Little cub is reborn and chargeD up!
This may look familiar, in fact you may be questioning how it’s any different to when the Jaguar E-Pace was first introduced as the British luxury car maker’s baby SUV just four years ago. There’s a new grille and revised bumpers and inside the latest generation infotainment and a new gear lever. Underneath however, it is all-new. Well that is to say it adopts the Range Rover Evoque’s platform, that’s been designed to accommodated a hybrid drivetrain.
There then is the big news when it comes to the crossover cub (there is an adorable mum and baby cub jaguar motif at the bottom of the windscreen). With the E-Pace the power output and type of drivetrain is helpfully mentioned in the name, the car tested here is the P300E – which translates to 300bhp and the E indicating electrification.
This Plug-in hybrid (PHEV) has a 1.5-litre three-cylinder petrol engine producing 200bhp and an 80kW (109bhp) electric motor on the rear axle. There is a 15kWh lithium-ion battery under the floor and it has an electric-only range of 34 miles. The total combined power is 309bhp and 540Nm of torque channelled to all four-wheels giving it a hot-hatch-baiting 0-62mph acceleration time of 6.5 seconds, great economy and yet CO2 emissions of just 44g/km.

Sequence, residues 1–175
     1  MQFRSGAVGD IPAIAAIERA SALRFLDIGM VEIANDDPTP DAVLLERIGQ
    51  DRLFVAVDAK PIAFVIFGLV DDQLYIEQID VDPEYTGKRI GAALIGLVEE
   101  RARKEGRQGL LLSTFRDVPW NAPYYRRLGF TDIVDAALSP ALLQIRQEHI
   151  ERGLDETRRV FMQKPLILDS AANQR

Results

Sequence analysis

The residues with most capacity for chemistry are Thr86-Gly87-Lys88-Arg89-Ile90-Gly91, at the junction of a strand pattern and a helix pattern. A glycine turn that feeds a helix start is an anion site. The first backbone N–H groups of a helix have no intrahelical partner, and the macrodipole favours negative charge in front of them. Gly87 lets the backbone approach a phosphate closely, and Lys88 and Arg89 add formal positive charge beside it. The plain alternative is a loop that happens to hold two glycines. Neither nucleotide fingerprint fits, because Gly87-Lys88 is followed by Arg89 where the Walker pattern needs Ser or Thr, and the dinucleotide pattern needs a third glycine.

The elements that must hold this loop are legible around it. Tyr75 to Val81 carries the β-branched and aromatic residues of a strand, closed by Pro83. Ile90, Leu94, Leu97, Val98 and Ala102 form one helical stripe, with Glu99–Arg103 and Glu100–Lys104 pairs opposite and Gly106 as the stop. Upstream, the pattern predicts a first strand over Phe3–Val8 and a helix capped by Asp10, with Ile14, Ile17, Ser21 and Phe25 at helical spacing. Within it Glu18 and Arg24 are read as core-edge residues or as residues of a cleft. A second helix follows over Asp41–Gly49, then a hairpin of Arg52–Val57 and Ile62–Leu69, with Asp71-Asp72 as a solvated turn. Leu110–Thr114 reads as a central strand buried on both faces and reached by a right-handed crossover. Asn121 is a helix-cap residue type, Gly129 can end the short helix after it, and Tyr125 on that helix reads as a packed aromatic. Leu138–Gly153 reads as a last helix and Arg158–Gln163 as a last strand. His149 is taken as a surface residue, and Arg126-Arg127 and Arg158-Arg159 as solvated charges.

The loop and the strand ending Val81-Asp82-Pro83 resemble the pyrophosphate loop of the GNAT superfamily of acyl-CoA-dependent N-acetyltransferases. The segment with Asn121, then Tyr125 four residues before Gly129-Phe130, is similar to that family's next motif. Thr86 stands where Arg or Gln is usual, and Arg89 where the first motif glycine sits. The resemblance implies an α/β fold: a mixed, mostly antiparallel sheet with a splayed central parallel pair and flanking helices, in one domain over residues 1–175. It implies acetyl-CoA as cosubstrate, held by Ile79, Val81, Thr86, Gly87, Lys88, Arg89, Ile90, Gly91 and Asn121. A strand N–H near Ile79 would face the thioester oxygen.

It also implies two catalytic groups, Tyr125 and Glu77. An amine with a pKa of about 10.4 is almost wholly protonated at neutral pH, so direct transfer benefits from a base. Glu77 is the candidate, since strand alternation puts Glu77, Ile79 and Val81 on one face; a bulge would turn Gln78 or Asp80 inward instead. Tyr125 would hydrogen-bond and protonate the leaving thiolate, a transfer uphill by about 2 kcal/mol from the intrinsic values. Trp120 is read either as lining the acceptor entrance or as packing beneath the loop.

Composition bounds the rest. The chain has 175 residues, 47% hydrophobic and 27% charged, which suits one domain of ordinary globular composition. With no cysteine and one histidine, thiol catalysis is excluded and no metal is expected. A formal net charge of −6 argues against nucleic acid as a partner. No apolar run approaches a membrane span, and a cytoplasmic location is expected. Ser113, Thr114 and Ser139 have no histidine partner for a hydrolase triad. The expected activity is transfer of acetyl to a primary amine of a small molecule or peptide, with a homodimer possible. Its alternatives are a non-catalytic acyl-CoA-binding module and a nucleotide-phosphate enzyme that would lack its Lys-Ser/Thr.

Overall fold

Prices for the new range start at around £30k. This R-Dynamic S costs around £46,000 and comes with 20-inch wheels, panaromic roof, 3d camera, digital rear-view mirror, Meridian sound system, electric seats and more.
In terms of styling – this or the Evoque? The Range Rover benefits from adopting the sleeker styling details of the brilliant Velar. However the more cutesy, rounded looks of the E-Pace work better in these dimensions. With an SUV this small, you won’t be taking it deep off-road, so the character of the Jaguar seems more suited.
On the go, it does feels significantly smaller than the larger F-Pace. It maintains the ride quality you’d expect of the brand, but dials in a level of eagerness and keen handling that’s very welcome, despite the slight play and lack of communication in the steering. The performance is adequate and easily accessible, but not as punchy or startling as the top dog F-Pace.
A great everyday compact crossover with prestige and style, endearingly lovable for its personality traits and both practical and enjoyable enough for most. If you’re looking for something more spacious and substantial, try the F-Pace first.
Follow all my channels https://linktr.ee/browncarguy
If you enjoyed this review sponsor my content from as little as £2 per month at
Big Thanks to my Patrons
Mohamed Ali Humaid (https://www.instagram.com/mohamed_hd/)
Partha Srinivasan (https://www.parthans.com)
Tom Conway-Gordon (https://www.instagram.com/anycoloursolongasits_black/)
Isaac Bouchard (https://www.bespokeautos.com)
Reza Adil (https://www.Instagram.com/Alizarde.Cigars/)
Mohammed Qasim (https://www.wehms.com)
Saraj Abbasi (https://www.instagram.com/tilesitalia)
Marc Waddell (https://twitter.com/elocutus55)
Zaka Khogyani (https://zakkhogyaniphotography.com)
Salman Hussain (https://www.instagram.com/szhus13)